HCPro Health Plan Insider - January 6, 2010 | Insurers Finding New Ways to Connect with Members View as a Webpage | Subscribe for Free
Insurers Finding New Ways to Connect with Members
Les Masterson, Senior Editor-Managed Care

I have been writing my health insurance column for HealthLeaders Media for two years so I should know a lot more about the industry than the average American. But I recently received a mailing from my health insurer and found that I was like just about every other confused healthcare consumer. If I had that reaction, what about the millions of Americans who don't know much about insurance—or even worse, those who are not health literate? There are insurers that understand this issue and are trying to reach out and educate members. [Read More]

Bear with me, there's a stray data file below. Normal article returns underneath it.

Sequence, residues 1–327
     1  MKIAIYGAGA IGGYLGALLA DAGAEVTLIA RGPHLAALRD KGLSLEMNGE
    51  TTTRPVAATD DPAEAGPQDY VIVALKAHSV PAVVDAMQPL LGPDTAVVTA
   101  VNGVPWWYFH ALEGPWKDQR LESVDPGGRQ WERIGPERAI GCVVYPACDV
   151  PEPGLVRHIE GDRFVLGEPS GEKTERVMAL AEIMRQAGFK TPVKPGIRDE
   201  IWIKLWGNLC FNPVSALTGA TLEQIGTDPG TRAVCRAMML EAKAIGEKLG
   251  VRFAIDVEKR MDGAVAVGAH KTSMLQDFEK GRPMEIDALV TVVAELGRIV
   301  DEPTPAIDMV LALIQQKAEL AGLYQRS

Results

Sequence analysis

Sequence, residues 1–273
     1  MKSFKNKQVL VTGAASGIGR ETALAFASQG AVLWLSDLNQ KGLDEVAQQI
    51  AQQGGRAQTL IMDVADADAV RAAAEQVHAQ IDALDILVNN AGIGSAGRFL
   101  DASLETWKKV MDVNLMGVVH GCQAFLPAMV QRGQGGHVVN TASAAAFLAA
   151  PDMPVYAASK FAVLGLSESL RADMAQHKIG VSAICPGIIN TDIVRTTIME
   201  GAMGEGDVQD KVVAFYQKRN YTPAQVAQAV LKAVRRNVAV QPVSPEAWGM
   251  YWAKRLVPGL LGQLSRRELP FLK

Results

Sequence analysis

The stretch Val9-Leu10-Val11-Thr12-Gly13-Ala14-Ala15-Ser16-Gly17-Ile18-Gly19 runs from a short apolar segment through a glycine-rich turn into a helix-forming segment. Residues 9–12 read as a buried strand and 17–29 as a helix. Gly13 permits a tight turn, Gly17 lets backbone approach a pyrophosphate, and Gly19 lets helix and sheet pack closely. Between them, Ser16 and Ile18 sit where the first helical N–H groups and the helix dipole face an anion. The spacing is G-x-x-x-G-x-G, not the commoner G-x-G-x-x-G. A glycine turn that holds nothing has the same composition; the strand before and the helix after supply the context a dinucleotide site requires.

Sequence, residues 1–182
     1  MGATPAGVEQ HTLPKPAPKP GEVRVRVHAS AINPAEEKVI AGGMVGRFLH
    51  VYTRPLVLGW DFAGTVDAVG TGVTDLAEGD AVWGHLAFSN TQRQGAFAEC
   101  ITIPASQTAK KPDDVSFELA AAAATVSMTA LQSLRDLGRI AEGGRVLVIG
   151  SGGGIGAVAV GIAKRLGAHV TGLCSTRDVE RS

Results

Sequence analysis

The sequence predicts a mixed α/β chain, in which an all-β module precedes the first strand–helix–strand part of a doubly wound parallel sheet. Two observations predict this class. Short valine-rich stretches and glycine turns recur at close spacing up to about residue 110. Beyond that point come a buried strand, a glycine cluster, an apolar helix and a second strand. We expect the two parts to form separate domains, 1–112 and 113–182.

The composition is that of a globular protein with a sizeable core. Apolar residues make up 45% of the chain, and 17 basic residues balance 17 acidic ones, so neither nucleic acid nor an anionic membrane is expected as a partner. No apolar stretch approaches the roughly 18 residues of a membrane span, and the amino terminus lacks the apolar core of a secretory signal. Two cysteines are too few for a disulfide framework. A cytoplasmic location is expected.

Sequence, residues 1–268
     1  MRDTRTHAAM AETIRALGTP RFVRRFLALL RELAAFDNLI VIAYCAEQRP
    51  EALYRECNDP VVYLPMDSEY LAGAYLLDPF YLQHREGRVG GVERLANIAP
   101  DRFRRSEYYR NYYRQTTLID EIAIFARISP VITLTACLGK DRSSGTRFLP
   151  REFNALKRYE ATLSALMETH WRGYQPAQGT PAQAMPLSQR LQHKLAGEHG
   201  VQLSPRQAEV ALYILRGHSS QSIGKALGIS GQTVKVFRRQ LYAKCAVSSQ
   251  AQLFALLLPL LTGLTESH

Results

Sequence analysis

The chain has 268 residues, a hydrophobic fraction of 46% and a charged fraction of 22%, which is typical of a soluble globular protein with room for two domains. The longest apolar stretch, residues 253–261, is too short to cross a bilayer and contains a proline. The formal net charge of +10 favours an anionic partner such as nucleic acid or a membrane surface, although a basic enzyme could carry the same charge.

January 6, 2010

 
Editor's Picks
House Democrats to pursue health bill changes
House Democrats want to expand coverage and add health insurance regulations, but whether they have enough leverage to accomplish those goals without losing support is the big question. House Speaker Nancy Pelosi met behind closed doors with House leaders with hopes to convene meetings of House and Senate staff as early as Wednesday to hammer out a compromise bill. House leaders plan to push the Senate to provide more generous subsidies for moderate-income Americans to buy insurance, but added they are willing to kill the public option proposal. That's good news for private health insurers. [Read More]
Senate healthcare bill would still leave millions uninsured